Mini Boo. And the concept of ‘welcomeness’.

This was in Saturday’s Canvas.  I love it.  Laughed out loud, smiled all day and visited mini.co.nz.

Boo smaller

I can’t imagine there are many brands (of the non-confectionery variety) that could credibly align with Halloween.  But when your brand represents childlike fun, it just makes perfect sense.

It also raises an interesting point about ‘brand guidelines’. Every Mini print ad I’ve ever seen fits the same basic template.  I know a lot of agencies fight against such strict guidelines, believing they limit creative opportunity and signal the advertiser too clearly (the argument being that this just makes the advertising easier for people to avoid). Clients tend to like them because their research tells them every execution is building total brand presence. They also have much neater guardbooks.

I remember having quite a heated discussion with a bank on this subject.  It was launching a new product into a category in which its reputation was, shall we say, tarnished.  So we presented a campaign that looked nothing like the rest of the bank’s work.  The Marketing Director took me aside afterwards to express his disappointment at our complete disregard for the established brand guidelines. I explained our belief that, given the bank’s poor reputation in the category, it was best to focus people on the offer (one that would set a new benchmark) before highlighting the brand (one that completely lacked credibility).

I suggested it was as simple as being realistic about your brand’s ‘welcomeness’.

There are brands people welcome (Mini is one of them). If you’re one of those brands, make it as obvious as possible who you are.  Because people want you around, they want to hear what you have to say. They look forward to your arrival.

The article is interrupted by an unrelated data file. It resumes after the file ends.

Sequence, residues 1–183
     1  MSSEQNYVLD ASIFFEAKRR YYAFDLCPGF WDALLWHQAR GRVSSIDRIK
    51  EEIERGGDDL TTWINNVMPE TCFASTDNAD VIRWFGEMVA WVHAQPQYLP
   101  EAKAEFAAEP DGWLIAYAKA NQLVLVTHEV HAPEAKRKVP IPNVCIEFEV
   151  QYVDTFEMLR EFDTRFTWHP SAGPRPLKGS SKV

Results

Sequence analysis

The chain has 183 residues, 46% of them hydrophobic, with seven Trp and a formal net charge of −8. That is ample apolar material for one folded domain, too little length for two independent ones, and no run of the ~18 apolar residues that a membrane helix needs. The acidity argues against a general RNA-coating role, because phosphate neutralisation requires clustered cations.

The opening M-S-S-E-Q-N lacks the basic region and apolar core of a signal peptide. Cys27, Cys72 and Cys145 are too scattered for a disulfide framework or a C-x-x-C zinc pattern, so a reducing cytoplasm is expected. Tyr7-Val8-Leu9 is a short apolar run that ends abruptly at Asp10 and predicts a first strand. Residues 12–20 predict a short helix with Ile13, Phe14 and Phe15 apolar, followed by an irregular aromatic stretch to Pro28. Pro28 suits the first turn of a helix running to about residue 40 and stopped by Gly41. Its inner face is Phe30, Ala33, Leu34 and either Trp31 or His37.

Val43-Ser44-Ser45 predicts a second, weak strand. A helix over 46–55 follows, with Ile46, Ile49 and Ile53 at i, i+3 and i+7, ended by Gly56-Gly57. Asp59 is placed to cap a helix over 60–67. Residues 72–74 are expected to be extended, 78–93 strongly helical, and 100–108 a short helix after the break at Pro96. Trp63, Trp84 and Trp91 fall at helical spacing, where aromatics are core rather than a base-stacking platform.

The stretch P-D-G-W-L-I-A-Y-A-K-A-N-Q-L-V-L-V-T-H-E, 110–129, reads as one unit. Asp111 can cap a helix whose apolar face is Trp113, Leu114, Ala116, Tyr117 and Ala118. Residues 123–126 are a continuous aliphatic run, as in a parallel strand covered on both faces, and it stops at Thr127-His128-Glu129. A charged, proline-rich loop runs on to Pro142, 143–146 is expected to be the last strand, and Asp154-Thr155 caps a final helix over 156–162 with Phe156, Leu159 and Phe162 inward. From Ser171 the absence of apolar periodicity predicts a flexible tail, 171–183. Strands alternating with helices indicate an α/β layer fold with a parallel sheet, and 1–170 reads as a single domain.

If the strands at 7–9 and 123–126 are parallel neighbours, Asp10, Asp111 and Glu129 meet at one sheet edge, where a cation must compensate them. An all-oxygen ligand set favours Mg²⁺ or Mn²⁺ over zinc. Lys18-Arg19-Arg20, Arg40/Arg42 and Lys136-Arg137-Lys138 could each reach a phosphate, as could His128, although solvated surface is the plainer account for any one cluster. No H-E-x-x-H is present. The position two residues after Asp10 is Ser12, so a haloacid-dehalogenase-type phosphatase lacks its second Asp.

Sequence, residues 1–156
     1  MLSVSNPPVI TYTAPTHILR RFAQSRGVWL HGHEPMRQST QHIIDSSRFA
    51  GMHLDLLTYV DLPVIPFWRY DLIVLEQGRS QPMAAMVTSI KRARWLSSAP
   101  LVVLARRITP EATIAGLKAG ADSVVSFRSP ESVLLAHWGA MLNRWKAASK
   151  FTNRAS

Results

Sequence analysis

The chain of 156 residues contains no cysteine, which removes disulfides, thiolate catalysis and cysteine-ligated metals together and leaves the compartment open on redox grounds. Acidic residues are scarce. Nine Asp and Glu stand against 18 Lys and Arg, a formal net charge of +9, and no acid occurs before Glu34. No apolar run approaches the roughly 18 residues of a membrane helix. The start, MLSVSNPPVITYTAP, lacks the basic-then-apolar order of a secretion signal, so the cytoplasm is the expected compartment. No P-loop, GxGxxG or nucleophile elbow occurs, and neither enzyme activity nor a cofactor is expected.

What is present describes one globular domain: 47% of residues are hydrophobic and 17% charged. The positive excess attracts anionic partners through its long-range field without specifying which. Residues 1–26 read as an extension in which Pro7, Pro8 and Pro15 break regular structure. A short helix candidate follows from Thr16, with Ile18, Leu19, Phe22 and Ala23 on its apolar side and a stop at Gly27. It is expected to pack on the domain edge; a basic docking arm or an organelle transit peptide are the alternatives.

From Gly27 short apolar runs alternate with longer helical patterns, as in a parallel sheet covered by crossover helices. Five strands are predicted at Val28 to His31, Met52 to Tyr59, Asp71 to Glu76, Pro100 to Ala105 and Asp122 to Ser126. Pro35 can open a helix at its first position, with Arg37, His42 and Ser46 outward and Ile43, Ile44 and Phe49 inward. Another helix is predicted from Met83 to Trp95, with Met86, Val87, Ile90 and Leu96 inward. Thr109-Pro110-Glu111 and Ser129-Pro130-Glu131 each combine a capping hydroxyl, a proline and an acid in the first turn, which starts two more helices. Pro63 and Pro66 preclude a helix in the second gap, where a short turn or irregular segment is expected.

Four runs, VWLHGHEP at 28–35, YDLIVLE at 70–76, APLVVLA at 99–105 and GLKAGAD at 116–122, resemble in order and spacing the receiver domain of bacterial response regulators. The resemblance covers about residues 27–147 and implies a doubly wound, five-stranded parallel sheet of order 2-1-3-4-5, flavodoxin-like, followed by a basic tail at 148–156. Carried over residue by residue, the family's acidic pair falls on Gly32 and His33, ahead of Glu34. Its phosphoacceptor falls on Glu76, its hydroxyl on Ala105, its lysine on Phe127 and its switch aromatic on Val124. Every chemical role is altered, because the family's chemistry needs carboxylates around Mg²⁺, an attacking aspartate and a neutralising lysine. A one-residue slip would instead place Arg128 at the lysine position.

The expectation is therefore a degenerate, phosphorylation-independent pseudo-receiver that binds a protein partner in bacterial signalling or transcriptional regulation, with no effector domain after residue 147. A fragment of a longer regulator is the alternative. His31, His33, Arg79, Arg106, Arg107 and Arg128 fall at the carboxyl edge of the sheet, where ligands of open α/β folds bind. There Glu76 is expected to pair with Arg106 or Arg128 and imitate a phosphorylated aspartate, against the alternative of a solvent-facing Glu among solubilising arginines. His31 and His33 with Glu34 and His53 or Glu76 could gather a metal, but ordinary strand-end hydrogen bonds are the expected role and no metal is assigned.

Then there are brands that are unwelcome (banks are many of them).  If you’re one of those brands, try to be a little more circumspect.  People don’t really want you around, so you need to be interesting before people have a chance to ignore you.  And signaling who you are before you have a chance to say anything interesting seems counter-productive.

Needless to say, the Marketing Director wasn’t swayed by my argument.  We re-worked the campaign within the brand guidelines.  The audience was scarcely able to contain its indifference and a potentially great product was deemed a failure.

All of which simply reinforces that if you’re not welcome somewhere, it pays to make it difficult for people to remember who you are.  The challenge lies in having enough humility to accept when you’re not welcome.

 

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Mini Boo. And the concept of ‘welcomeness’.

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